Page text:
Monday, May 14, 2012

String is a wonderful thing

By the time you read this, I'll probably be on a plane heading to Winnipeg for the Manitoba Library Association's conference. What a whirlwind few weeks it's been! The hectic pace made me question my sanity in accepting an invitation to participate in a Teachers Teaching Teachers webcast on String Games this past Wednesday (May 9, 2012). However, I'm really glad I did. I think I will need to cross-post this on my Family Gaming Blog.

My friend Denise and I were asked to attend because a few weeks prior, we were guests on Paul Allison's webcast when he hosted the inspiring guy behind Minecraft Edu. Fred, the main speaker of the String Game webcast, heard the Minecraft issue and thought that the audience would be intrigued by his version of play.

Fred is an educator with an anthropologist background and he told us that string games are common throughout the world in many different areas with many unrelated cultures. He introduced solo string games to his Spanish-speaking Grade 3-4 students when he taught them computer keyboarding to help them with their dexterity when typing and to introduce the names for the different fingers. There are so many learning opportunities for string games that I never realized. Fred uses string to tell stories and encourages children to make their own string stories. Like Minecraft, some players become proficient early on and then they help others to learn, building a collaborative cooperative class. Fred's pinned some of the figures made and created string art. Math (shapes), social studies (artifacts, cultures that play these games), dance (groups making the same figures simultaneously in silence, a beautiful choreography), and many other subjects were mentioned as possible links. Other participants talked about the semi-related finger-knitting, extolling the virtues of bringing yarn to extra-long assemblies to calm the fidgety, bored kids.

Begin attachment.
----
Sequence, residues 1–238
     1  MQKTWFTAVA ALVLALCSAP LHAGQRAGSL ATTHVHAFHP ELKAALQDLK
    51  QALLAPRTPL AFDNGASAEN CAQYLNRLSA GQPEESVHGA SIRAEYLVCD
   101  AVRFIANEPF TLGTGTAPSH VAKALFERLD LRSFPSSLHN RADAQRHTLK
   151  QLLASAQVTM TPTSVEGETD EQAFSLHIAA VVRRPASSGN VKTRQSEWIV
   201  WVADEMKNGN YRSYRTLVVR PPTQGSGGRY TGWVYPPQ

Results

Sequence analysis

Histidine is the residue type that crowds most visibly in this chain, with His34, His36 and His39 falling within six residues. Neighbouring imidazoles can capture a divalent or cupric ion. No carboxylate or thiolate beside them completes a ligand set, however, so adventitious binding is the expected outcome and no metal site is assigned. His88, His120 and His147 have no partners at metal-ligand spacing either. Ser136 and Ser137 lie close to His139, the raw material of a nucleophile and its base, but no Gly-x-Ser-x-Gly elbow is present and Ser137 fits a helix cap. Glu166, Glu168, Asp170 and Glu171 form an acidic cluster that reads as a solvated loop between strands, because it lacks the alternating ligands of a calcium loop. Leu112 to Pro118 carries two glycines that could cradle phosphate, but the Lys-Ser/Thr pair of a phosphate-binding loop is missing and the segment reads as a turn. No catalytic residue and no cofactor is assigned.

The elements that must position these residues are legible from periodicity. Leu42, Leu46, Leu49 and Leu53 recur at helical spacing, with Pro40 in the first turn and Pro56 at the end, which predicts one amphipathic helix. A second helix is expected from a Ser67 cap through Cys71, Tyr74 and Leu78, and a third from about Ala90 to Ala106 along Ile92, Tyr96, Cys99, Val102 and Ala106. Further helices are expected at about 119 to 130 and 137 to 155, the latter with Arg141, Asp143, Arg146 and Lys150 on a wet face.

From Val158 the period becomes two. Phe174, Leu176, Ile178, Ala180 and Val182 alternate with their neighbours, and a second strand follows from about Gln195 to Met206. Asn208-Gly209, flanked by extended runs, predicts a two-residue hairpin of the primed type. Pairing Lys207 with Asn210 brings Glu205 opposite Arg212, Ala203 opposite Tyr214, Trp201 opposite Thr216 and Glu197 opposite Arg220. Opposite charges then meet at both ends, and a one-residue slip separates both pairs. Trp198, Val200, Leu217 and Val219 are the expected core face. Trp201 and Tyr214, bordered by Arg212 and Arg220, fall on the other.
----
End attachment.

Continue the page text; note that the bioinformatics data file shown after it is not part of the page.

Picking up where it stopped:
There were some great quotes that Chad, a fellow participant, shared via Twitter. (I can't recall them all - they were things like "it's important to model failure" and "string games are 'digital' fun".) What I realized was how potent teaching string games would be to analyze your own teaching practice. Listening to Fred teach the group how to make a 3-pronged spear made me hyper-aware of how important detailed, clear instructions are, and the different learning styles at play. The first time I tried it, I failed. The second time, when Fred re-explained and added a few "notice this part here" tips, I did it! I cheered pretty loudly when I succeeded. My webcam wasn't working on Google +, so I convinced my daughter to take a photo of my accomplishment.

I made a 3-pronged spear! Here's proof!
A less complimentary shot of me, with my string jedi master Fred on-screen
Fred mentioned that there are several books and YouTube videos that explain, step by step, how to make different shapes. I think I need a person near me to give feedback (though the string collapsing in unrecognizable shapes is pretty immediate feedback too). I gave myself a goal - to teach the kids in my SK and Grade 7 classes how to make the 3-pronged spear and do it to music at a June assembly. I'm repeating it here so it'll be my contract to myself to try it out and report what results.

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